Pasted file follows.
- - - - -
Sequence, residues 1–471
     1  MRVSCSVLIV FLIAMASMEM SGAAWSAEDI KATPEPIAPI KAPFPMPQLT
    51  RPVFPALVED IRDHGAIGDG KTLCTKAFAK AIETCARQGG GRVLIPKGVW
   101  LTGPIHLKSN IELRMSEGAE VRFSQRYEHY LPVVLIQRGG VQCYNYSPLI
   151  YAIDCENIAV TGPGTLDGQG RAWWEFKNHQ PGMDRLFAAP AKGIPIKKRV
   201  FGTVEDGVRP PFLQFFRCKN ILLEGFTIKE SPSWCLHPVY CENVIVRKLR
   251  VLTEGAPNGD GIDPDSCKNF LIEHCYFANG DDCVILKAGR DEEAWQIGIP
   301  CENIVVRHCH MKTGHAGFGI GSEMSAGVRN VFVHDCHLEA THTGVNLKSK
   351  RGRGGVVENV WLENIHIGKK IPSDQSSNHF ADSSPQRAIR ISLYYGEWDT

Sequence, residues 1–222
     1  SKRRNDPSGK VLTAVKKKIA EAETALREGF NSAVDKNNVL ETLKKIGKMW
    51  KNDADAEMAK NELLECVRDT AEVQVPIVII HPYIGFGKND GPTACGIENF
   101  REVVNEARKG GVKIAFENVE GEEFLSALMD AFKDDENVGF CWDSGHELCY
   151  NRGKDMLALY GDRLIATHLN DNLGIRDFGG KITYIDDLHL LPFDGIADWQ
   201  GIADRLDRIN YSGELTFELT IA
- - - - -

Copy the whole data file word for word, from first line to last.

Sequence, residues 1–471
     1  MRVSCSVLIV FLIAMASMEM SGAAWSAEDI KATPEPIAPI KAPFPMPQLT
    51  RPVFPALVED IRDHGAIGDG KTLCTKAFAK AIETCARQGG GRVLIPKGVW
   101  LTGPIHLKSN IELRMSEGAE VRFSQRYEHY LPVVLIQRGG VQCYNYSPLI
   151  YAIDCENIAV TGPGTLDGQG RAWWEFKNHQ PGMDRLFAAP AKGIPIKKRV
   201  FGTVEDGVRP PFLQFFRCKN ILLEGFTIKE SPSWCLHPVY CENVIVRKLR
   251  VLTEGAPNGD GIDPDSCKNF LIEHCYFANG DDCVILKAGR DEEAWQIGIP
   301  CENIVVRHCH MKTGHAGFGI GSEMSAGVRN VFVHDCHLEA THTGVNLKSK
   351  RGRGGVVENV WLENIHIGKK IPSDQSSNHF ADSSPQRAIR ISLYYGEWDT

Sequence, residues 1–222
     1  SKRRNDPSGK VLTAVKKKIA EAETALREGF NSAVDKNNVL ETLKKIGKMW
    51  KNDADAEMAK NELLECVRDT AEVQVPIVII HPYIGFGKND GPTACGIENF
   101  REVVNEARKG GVKIAFENVE GEEFLSALMD AFKDDENVGF CWDSGHELCY
   151  NRGKDMLALY GDRLIATHLN DNLGIRDFGG KITYIDDLHL LPFDGIADWQ
   201  GIADRLDRIN YSGELTFELT IA